transfer  its  data around so a separate pretty printer is
       used to print out these replies.

       Unfortunately, the default printing  action  isn't  always
       desirable  when writing shell scripts so some simple extra
       actions have been defined:

              tain plain text, formatting escapes, and directives
              which  can  print out values contained in the reply
              message.  An escape starts with a backslash and  is
              followed  by  a  t, for tab, or n, for a line feed.
              Each directive starts with a %( and is followed  by
              the  name  of  a  value in the message, an optional
              index range if the value occurs more than  once  in
              the  message, then a : followed by a regular printf
              format conversion (with the  addition  of  the  `b'
              format  which  prints  all  the  bytes in hex), and
              finally the closing parentheses.  For example,  the
              format, "%(result[1]:d)", would print out the value
              of the second instance of  `result'  in  the  reply
              message  as  an integer.  In addition, its possible
              to print out a range of indeces for a  value  sepa-
              rated  by  a  string, this is done by putting a dot
              after the first index, followed by  the  string  to
              separate each index, then another dot and the final
              index.   For  example,  "%(result[1.  .5])",  would
              print out the second through sixth values of result
              separated by a space.  Also,  the  indeces  can  be
              left  out  to implicitly specify the first and last

              The forinstance reply action is  a  simple  way  to
              loop  over the values of the reply message and pro-
              vides a more flexible way to  process  arrays  then
              just the print action.  The arguments to the forin-
              stance are a temporary  variable  name  which  will
              store the current index followed by the in keyword,
              the name of the value to loop  over,  and  finally,
              the action to perform on each iteration.  For exam-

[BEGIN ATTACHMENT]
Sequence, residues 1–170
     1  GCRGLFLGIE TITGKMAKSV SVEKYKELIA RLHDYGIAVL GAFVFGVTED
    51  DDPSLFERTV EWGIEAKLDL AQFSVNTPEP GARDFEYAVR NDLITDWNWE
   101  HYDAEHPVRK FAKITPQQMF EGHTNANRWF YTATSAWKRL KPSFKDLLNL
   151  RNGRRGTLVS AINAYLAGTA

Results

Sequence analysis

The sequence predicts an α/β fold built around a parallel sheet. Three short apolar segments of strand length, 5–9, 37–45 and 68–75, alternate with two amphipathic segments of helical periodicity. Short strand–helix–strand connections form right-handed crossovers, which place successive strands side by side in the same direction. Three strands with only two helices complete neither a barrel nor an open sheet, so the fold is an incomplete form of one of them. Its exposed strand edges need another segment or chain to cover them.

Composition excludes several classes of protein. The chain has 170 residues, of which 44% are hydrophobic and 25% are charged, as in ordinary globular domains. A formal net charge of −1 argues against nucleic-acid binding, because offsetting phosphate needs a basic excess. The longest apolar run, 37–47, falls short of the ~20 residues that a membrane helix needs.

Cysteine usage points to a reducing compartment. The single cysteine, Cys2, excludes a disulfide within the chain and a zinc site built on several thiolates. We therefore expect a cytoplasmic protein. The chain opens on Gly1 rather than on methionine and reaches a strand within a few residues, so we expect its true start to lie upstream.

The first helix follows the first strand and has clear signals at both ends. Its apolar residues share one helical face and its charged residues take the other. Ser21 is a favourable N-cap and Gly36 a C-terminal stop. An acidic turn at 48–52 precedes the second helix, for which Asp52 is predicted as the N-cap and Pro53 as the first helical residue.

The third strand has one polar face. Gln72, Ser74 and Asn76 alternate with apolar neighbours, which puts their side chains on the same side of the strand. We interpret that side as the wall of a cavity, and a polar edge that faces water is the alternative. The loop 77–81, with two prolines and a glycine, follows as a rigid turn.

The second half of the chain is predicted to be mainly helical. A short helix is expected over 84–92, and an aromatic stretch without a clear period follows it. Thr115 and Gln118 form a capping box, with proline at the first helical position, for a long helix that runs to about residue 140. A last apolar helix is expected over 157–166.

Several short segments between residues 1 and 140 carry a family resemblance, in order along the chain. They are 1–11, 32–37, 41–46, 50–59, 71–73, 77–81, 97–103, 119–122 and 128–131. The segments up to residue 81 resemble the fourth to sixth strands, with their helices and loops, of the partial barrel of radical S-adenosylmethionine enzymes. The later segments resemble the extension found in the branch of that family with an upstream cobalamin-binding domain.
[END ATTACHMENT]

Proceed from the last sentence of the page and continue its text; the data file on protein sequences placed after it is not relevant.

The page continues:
ple,   "forinstance    lpc    in    result    print
              "%(result[lpc]:s)\n""  would print each instance of
              the result value on a separate line.

              Waits for the reply  but  doesn't  print  anything,
              even if the reply is an error.

       ignore Doesn't  wait  for the reply and doesn't print any-
              thing unless theres an error.


       To get the suites for the teams property.

              [dexter@lab janosvm]  jsihey  localhost/14000  get-
              suites of teams

       To  get  a listing of all the teams in the system from the
       JanosVM listening on TCP port 14000 of the local  machine.

       To create a team with the name "THX" on the  JanosVM  lis-
       tening on TCP port 14000 of the host named deedee and then
       print the new team's identifier.

              [dexter@lab  janosvm]  jsihey  deedee/14000  create
              team with name "THX" then print "%(result:d)"

       To turn on the xprofiler

              [dexter@lab  janosvm]  jsihey janosvm set xprofiler
              to on

       To execute the domination property of the world  property.

              brain@acmelabs janosvm$ jsihey janosvm execute dom-
              ination of world


       0      Everything worked fine.

       10     The reply message was an error.

       20     There was a communication error.

       30     There was a usage error.

       100    There was an internal error.


       $HOME/.janosvm/registry/*    Registered names and values


       jsihey is a very basic program and is only intended  as  a
       lowest  common  denominator  for  scripting the VM and any
       other programs built to understand these messages.  A real
       scripting  language with a JSI binding should be preferred
       to this feeble program.

       JanosVM  and  its  tools  are  avilable  on  the  web   at


       Jsihey  is  written by the Janos project in the University
       of Utah Flux Group.


       Jsihey is distributed under the GNU GPL. For full details,
       see  the file license.terms in the source distribution for
       full details.